In order to determine whether it was reasonable for the TEP to find that TEI's and CSC's proposals were essentially equal technically, we must examine CSC's allegation that its own score was unreasonably low because the agency improperly evaluated the corporate experience that was listed in CSC's proposal.
CSC complains that the agency did not give the firm any credit for corporate experience that was listed in its proposal as having been performed by Direct Line Distributors (DLD), a firm that shares with CSC the same parent corporation, AmeriCorp, Inc. CSC's proposal listed seven "projects" representing current or past contracts to demonstrate its experience, including one contract that was performed by DLD that it believed was relevant to the warehousing experience required under subcriteria 1(a), 1(c), and 4(c).
In its report, the agency states that in order to receive credit, any experience that was included in a proposal had to have been performed by the entity proposing to do the work under the contract and any such experience also had to relate to similar type and size of institutional support services, functions and operations as described in the RFP's statement of work. EPA argues that DLD's corporate experience failed on both counts: there was no indication in CSC's proposal that DLD would be performing tasks under the contract, and that DLD was identified in the proposal as a wholesale distributor specializing in aftermarket automotive parts and accessories, not involved in the performance of institutional support services as relevant here. CSC argues, however, that the agency's determination in this regard was improper because AmeriCorp, DLD and CSC have common management and that the experience that was listed in CSC's proposal was that of management personnel common to AmeriCorp, CSC, and DLD.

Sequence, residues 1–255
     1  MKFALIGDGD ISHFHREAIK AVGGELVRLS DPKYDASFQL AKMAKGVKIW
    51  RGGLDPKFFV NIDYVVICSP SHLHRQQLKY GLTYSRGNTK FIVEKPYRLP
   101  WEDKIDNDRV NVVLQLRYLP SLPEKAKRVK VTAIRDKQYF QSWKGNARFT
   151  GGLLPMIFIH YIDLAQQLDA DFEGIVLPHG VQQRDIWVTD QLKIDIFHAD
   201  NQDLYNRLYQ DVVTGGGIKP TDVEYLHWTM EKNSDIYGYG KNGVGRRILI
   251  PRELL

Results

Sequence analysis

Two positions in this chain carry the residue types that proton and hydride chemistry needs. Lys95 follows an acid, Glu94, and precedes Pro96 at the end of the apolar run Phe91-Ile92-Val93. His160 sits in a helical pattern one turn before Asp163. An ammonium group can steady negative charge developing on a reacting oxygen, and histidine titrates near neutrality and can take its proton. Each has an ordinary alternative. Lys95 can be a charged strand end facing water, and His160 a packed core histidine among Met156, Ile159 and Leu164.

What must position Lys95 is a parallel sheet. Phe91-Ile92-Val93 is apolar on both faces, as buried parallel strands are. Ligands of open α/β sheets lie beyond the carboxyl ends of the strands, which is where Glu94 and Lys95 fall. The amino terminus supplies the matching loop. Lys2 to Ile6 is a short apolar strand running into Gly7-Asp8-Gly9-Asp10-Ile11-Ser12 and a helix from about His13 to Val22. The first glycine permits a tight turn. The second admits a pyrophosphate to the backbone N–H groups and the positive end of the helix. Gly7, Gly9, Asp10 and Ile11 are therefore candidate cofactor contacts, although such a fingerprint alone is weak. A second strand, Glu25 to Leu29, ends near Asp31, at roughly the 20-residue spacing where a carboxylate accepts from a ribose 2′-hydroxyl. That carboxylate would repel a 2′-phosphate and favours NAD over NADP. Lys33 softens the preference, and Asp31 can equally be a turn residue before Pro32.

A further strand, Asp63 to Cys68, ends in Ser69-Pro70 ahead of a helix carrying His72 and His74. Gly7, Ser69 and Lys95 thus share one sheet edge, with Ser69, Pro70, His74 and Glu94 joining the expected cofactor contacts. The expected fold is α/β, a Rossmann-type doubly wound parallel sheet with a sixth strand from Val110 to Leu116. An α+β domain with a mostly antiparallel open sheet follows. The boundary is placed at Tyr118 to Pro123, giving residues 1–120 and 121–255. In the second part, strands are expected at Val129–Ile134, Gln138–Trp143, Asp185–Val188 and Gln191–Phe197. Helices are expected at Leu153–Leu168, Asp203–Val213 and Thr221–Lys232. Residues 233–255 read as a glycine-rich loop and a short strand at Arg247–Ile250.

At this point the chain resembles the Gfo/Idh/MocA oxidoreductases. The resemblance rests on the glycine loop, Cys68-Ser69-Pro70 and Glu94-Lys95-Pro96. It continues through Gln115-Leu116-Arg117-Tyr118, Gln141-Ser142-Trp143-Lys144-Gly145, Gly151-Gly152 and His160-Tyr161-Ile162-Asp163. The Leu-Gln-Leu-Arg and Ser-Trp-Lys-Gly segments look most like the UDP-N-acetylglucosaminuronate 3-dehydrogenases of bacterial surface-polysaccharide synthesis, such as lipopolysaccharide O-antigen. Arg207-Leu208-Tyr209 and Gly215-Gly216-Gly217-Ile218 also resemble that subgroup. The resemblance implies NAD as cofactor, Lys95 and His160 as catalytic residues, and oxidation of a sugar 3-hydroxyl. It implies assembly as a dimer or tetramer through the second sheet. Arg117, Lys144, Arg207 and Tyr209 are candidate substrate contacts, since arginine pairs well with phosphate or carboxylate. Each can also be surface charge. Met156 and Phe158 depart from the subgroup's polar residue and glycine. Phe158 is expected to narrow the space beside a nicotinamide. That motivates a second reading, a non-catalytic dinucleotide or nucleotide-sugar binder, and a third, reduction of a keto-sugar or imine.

CSC points out that in appropriate circumstances, it is proper to give credit for the previous experience of a new company's officers, or to the experience of management and working personnel involved in a new business. To the extent CSC is arguing that DLD's experience is attributable to its parent, AmeriCorp, and that the parent corporation's experience is then attributable to each of its subsidiaries (and therefore, attributable to CSC), or that the relationship between the two subsidiaries is analogous to a parent-subsidiary relationship, we do not agree with the conclusion that any of these theories necessarily required the agency to credit CSC with DLD's experience. Where the experience of an affiliated corporation is clearly related to an offeror's proposed contract performance, it may be reasonable for an agency to give credit for the affiliate's corporate experience. See York Sys. Corp., B-237364, Feb. 9, 1990, 90-1 CPD Para. 172. Here, CSC's proposal described DLD as a wholesale distributor specializing in automotive parts and accessories. Although EPA agrees that DLD had experience in warehousing involving receiving, delivery, and supply, we believe the EPA reasonably determined that the services performed by DLD were not comparable in size and complexity to the performance of the institutional support services contemplated by the RFP. We deny this portion of the protest. CSC also alleges that EPA's cost realism analysis was improper because it failed to detect an allegedly erroneous assumption in CSC's cost proposal. A wage determination applicable to this contract established the following requirements for paid vacations for the contractor's personnel, based on length of service (including service for predecessor contractors at the same facility): during the first year of employment, employees are entitled to no vacation time; employees with 1 to 9 years of experience are entitled to 80 hours of vacation; employees with 10 to 14 years of experience receive 120 hours of vacation; and employees with more than 15 years of experience receive 160 hours of vacation time per year. TEI's cost proposal included labor costs based on an assumption of an average of 80 hours of vacation per employee per year. CSC contends that because TEI proposed to hire qualified incumbent employees, some of whom would be entitled to more than 80 hours of vacation, its vacation cost estimates were unrealistically low. The agency, on the other hand, points out that TEI proposed to provide personnel who would be new to the facility (and would therefore not be entitled to any vacation time during the first year), although it also stated its intention to offer employment to incumbent personnel meeting TEI's standards; its proposal included only one letter of intent from an incumbent employee. EPA argues that it was therefore reasonable to accept an overall average of 80 hours per year for vacation time. We agree.